Regional Post Graduate IP Program Launched in Zimbabwe

Geneva, August 8, 2008
UPD/2008/306

In a bid to address the human resource needs of African countries in the field of intellectual property (IP), the World Intellectual Property Organization (WIPO) in collaboration with the African Regional Intellectual Property Organization (ARIPO, Harare, Zimbabwe) and Africa University (Mutare, Zimbabwe) has launched a masters degree program in IP.  Twenty students from diverse backgrounds (including law, engineering, business administration, information technology, library sciences and journalism) have enrolled in the postgraduate program which is the first of its kind in Africa.  The students come from 12 African countries (Cameroon, Kenya, Malawi, Mozambique, Namibia, Nigeria, South Africa, Sudan, Tanzania, Uganda, Zambia, and Zimbabwe).  Similar programs are being tailored to the specific IP educational needs of other regions. 

The 12 month program which began on August 4, 2008 will conclude on July 31, 2009 and will consist of three phases, namely, distance learning, a residential phase at Africa University, including practical training at ARIPO and a research project.
 
A number of high level Government officials participated in the launch of the program in Mutare on August 4, 2008.  The Acting Minister of Justice, Legal and Parliamentary Affairs, Mr. Paul Mangwana, commended WIPO for facilitating the development of requisite competencies in IP. The program is a response to the critical need to develop human resources in IP and is designed to meet the specific challenges that confront African countries in matters relating to IP.  The Deputy Minister for Tertiary Education, Mr. L. D. K. Dokora, noted that the first group of students would lay a solid foundation upon which to build the program’s future success.  The Provincial Governor and Resident Minister of Manikaland Province, Mr. Chigudu, applauded the institutional partners responsible for launching the program in Africa which he said was an important step towards empowering the Africa continent to foster a culture of IP.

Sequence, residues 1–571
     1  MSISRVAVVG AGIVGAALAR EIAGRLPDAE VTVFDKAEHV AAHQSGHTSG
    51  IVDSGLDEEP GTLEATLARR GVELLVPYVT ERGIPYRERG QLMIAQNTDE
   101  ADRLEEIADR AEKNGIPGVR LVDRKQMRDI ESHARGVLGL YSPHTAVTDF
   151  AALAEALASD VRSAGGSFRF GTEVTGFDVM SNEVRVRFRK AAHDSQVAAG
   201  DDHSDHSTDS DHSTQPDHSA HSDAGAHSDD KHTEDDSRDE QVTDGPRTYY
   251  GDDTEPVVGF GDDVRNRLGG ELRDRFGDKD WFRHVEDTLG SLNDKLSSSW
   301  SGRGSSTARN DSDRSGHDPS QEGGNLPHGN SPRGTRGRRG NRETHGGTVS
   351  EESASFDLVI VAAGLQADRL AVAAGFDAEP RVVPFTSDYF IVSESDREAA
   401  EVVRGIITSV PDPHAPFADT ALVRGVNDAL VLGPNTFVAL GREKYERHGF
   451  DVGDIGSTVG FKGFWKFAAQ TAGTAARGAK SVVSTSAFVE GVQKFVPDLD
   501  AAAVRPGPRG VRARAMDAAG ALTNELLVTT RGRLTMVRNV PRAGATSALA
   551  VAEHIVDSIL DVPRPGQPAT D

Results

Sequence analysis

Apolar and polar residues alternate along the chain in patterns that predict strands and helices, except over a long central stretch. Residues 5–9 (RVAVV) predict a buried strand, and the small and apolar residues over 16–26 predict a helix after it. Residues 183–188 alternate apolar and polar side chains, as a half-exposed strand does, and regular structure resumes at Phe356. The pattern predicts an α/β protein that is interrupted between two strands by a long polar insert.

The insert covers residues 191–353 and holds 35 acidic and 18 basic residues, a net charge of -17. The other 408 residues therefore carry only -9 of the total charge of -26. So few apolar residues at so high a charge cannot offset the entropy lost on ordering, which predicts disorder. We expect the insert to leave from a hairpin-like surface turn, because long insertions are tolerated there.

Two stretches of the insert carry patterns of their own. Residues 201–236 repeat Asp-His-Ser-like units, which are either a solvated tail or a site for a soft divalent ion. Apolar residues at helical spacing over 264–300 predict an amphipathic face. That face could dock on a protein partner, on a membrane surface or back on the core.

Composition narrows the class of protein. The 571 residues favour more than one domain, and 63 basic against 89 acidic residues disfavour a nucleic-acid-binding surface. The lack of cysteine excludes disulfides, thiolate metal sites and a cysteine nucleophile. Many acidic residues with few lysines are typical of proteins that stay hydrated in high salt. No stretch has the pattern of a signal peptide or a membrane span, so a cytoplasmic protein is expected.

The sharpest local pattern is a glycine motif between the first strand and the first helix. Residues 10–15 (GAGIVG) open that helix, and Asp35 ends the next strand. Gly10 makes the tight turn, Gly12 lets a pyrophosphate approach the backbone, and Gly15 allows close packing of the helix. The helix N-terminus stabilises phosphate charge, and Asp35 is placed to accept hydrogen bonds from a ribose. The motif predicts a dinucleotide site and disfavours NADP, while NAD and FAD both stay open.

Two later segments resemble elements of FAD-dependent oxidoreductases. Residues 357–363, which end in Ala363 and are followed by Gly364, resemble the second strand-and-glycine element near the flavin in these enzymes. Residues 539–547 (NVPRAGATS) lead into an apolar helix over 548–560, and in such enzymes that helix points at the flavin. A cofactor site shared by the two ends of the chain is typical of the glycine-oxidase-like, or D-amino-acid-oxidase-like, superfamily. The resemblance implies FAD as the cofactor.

The Interim Vice Chancellor of Africa University, Professor Fanuel Tagwira, thanked WIPO and ARIPO and stressed the need for universities to develop IP-oriented academic programs relevant to the human resource needs of the African countries.  The Director General of ARIPO, Mr. Gift Sibanda, noted that exploitation and commercialization of the abundance of IP assets that existed in Africa lay in the creation of a pool of IP experts who possessed the knowledge and skills necessary to boost social, economic and technological development.  The Dean of the WIPO Worldwide Academy, Mr. Mpazi Sinjela, spoke of the fundamental importance of IP education which had a pivotal role to play in enabling countries to advance their social, economic, cultural and technological development. He said that he was convinced that the program would, in the long run, enable the African continent to harness its wealth of natural and creative resources and generate tangible developmental benefits. 
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